In the fourth inning, a rulebook double by Goldschmidt and balloon-drop single by Willson Contreras got the tying and go-ahead run on base for Arenado, one of the game’s true RBI monsters. From his debut in 2013 to 2022, Arenado led the majors with 982 RBIs, and he had 32 on the second-most, teammate Goldschmidt’s 950. But since April 22, Arenado had nary a one for the Cardinals.
The 10-game drought was the longest of his career.
Goldschmidt advanced to third on Contreras’s fly ball that dropped between two Tigers’ fielders in right field. That put him in position to score when Arenado, down 0-2 in the count and down searching for his swing this season, punched a grounder that he knew would at least advance the runners. That RBI tied the game, 2-2, and gave Arenado his 15th RBI of the season.
Andrew Knizner’s first homer of the season provided the Cardinals’ first run in the third and cleaved the Tigers’ early 2-0 lead in half.
Contreras’ savvy slide takes lead
Cast at designated hitter for the game, Contreras took third on Arenado’s groundout. When Dylan Carlson followed Arenado with another groundball — this one up the middle — Contreras made his break for the lead. Tigers second baseman Jonathan Schoop gloved the ball ahead of second base and threw home to try and beat Contreras.
Contreras dove toward the back edge of home plate and got his right (outside) arm to it, leaving Jake Rogers’ tag to only brush air as Contreras leaned away from it for a 3-2 game.
Baez pounces on Cardinals’ two-strike troubles
In the aftermath of allowing 10 runs before he could finish the third inning, Jack Flaherty diagnosed a problem he and the rest of the pitching staff had with two-strike pitches. There was a lot more to his struggles Thursday than just delivering on two strikes, but the right-hander made the point that the staff, as a whole, had difficulty closing out that count.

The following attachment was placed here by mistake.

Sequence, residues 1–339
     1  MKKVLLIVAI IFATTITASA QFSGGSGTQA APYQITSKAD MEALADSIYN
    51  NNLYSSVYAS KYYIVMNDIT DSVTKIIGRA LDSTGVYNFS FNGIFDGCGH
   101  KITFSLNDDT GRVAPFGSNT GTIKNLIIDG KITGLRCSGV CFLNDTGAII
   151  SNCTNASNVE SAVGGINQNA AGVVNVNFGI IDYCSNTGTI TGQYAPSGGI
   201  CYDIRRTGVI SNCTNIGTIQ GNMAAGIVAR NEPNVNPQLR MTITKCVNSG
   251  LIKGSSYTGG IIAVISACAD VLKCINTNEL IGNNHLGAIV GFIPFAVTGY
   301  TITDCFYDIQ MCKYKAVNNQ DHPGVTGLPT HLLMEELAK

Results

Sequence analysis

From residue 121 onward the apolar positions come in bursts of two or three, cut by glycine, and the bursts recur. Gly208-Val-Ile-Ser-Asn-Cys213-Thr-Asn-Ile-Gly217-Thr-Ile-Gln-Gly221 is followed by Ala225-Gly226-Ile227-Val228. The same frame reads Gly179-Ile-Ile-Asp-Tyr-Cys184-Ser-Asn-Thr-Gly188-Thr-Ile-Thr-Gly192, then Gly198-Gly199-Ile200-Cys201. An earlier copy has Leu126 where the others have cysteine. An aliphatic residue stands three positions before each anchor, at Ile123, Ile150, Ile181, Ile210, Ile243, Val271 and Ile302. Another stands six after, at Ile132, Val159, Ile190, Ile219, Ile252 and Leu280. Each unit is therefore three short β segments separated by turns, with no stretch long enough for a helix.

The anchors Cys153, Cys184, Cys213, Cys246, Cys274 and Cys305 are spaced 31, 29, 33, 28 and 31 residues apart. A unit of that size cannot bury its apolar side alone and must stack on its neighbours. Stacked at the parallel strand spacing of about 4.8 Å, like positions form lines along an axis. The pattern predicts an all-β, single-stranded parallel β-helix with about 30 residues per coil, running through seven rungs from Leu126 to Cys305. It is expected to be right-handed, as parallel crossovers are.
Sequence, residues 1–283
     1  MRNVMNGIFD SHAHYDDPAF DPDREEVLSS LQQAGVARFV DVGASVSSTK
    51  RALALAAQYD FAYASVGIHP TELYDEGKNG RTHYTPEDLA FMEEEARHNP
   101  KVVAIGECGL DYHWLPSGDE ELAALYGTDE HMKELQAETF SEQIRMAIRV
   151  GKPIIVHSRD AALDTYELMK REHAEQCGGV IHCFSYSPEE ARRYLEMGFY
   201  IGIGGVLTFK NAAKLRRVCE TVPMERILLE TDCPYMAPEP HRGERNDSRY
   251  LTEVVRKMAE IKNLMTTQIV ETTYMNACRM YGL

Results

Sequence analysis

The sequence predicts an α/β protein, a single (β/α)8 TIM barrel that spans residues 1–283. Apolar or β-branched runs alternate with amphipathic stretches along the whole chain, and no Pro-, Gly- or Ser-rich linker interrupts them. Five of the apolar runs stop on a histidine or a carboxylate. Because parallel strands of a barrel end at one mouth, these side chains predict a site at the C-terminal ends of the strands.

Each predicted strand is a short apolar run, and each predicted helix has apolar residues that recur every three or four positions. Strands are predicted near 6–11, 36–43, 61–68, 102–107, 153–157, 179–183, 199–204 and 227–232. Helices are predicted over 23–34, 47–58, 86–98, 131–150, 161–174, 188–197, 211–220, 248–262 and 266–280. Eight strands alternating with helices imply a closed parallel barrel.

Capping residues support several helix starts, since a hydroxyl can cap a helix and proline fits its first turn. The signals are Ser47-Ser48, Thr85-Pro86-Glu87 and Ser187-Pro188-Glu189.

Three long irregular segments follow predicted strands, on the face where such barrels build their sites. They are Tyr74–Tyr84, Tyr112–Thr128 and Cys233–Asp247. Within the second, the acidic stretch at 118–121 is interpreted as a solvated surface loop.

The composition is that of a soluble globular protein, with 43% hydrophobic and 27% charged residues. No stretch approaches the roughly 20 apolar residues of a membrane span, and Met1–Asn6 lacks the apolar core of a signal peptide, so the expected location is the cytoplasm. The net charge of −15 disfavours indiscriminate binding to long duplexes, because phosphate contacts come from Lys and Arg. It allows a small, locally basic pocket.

The reasons are as varied as the pitcher, but the examples are as abundant as the innings — and were from the start Friday.
By the third batter of their interleague visit to Busch, the Tigers had a 2-0 lead because of a two-strike hit when the Cardinals’ pitcher was ahead in the count. Javier Baez, a former Cub but always a free-swinger, connected on a 1-2 curveball for a two-run homer that dropped just over the left-field fence. Montgomery had gotten ahead on Baez with two pitches that were not in the zone — a sinker and a changeup — and Baez went plunging after them. On the 1-2 pitch, Montgomery dropped a curveball that was out of the zone and Baez still tagged it.
The home run was the 39th the Cardinals have allowed this season, and 19 of them have come with a two-strike count. (Five of those on full counts.) The 19 are the most in the majors allowed on two-strike counts, and the Cardinals have also allowed 131 two-strike hits, 11 more than the next closest team, meandering Oakland. Opponents are hitting .218 against Cardinals with two strikes, and that too is the highest in the majors.
“We’re getting there more often, and then we’re not putting guys away,” Marmol said. “The reason we’re not putting guys away is different for each guy. You can probably bucket (a few of) them. It’s not the same for the entire staff.”
A similar spot found Montgomery in the fifth.
A two-strike double opened the inning, and by the time he had two outs, he also had to deal with two runners on and the tying run at third base. Cleanup hitter Eric Haase fell behind 0-2 to Montgomery. He fouled off a pitch. He had the Cardinals right where so many have had success against them. No wonder he couldn’t move when Montgomery tucked a 95-mph fastball inside the lower corner of the strike zone, just on the edge. The called strike 3 ended the inning and the Cardinals’ one-run lead endured a two-strike count.
The double off Hicks that undid the Cardinals’ lead came on an 0-2 count.
Photos: Tigers 5, Cardinals 4